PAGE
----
Ever heard of the sport Kun Bokator? If you haven’t, you aren’t alone. Learn about this martial art from Cambodia right here.
The 32nd Southeast Asian Games has always been one of the best stages for countries in the region to showcase their most talented athletes across many sports, even the lesser-known ones.
This year, one of the surprising sports has been Kun Bokator.
It’s likely that you’ve never heard of this sport before. But now, you’re probably getting news about your country’s athletes winning medals for it at the SEA Games on your social media feed.
So let’s shine a brighter light on this fascinating sport. What is it, anyway?
Where did Kun Bokator come from?
Kun Bokator is an ancient martial art originating from Cambodia and is one of the oldest forms of self-defense.
Based on historical records, the roots of this martial art date back to sometime between the ninth and 15th centuries, as one of its earliest uses was connected with the Khmer Empire, which historians use to refer to as Cambodia during this period when it was an empire in Southeast Asia.
Originally, the army of the Khmer Empire made use of this as a form of self-defense to guard their people and land.
How does Kun Bokator work?
Like other more common martial arts, Kun Bokator uses hand-to-hand combat techniques with strikes, kicks, throws, joint locks, and grappling, but, practitioners utilize their entire bodies in combat.
This means that they also perform elbow strikes, knee strikes, and shin kicks, and they also use their head in fighting techniques. In addition, some sub-forms of Kun Bokator also sometimes make use of weapons including bamboo staffs, short sticks, or swords.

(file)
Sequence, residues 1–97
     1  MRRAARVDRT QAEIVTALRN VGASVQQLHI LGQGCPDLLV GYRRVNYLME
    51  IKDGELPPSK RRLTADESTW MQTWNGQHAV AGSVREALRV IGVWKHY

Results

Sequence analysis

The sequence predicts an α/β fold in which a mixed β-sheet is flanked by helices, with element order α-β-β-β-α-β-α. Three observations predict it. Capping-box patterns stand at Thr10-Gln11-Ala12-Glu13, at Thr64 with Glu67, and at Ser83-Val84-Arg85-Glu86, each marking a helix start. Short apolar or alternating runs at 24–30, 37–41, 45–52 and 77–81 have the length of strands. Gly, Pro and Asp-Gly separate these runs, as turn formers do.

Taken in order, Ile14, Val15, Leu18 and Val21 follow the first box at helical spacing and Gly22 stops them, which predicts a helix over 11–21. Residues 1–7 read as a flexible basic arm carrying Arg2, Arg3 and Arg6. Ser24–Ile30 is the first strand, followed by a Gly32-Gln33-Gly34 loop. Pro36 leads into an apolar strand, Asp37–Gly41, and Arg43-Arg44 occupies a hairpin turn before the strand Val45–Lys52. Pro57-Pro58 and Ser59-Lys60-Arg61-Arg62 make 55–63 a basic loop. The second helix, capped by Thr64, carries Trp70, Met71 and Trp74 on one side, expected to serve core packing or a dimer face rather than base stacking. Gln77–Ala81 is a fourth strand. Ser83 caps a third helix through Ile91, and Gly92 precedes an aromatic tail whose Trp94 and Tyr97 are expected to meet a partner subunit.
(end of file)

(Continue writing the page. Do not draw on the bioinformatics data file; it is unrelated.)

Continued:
While it may still seem common to other forms of ancient combat, another aspect of the Cambodian martial art is that its techniques are meant to mimic “life in nature” taking movements from animals. For instance, Kun Bokator practitioners make use of styles inspired by the behaviors of cranes, lions, horses, and elephants, among others.
Similar to other martial arts, the Kun Bokator follows a belt system, which they call the ‘krama system,’ to determine levels among its practitioners. It begins with white and then goes through green, blue, red, brown, and black.
Kun Bokator in the SEA Games
Given that Cambodia is hosting the 2023 Southeast Asian Games, Kun Bokator has made an appearance as one of the martial arts competitions in the event.
As a competitive sport, the event has been split into two categories. The first category is performative, where athletes show off traditional movements and styles of the sport in artistic patterns.
The second category is the combative form, where two opponents face off against each other until one has fallen to the mat.
As its origins come from Cambodia, the country’s local representatives have dominated the sport thus far in the SEA Games. However, other countries have also been topping different categories, the Philippines being one of them, bagging multiple podium finishes already.
Although Kun Bokator is arguably one of the lesser-known forms of martial arts, especially outside of Cambodia, it is truly incredible to see gain recognition on the international stage at the SEA Games, and even more so that athletes from other countries have a passion for the sport.
Banner image from AFP.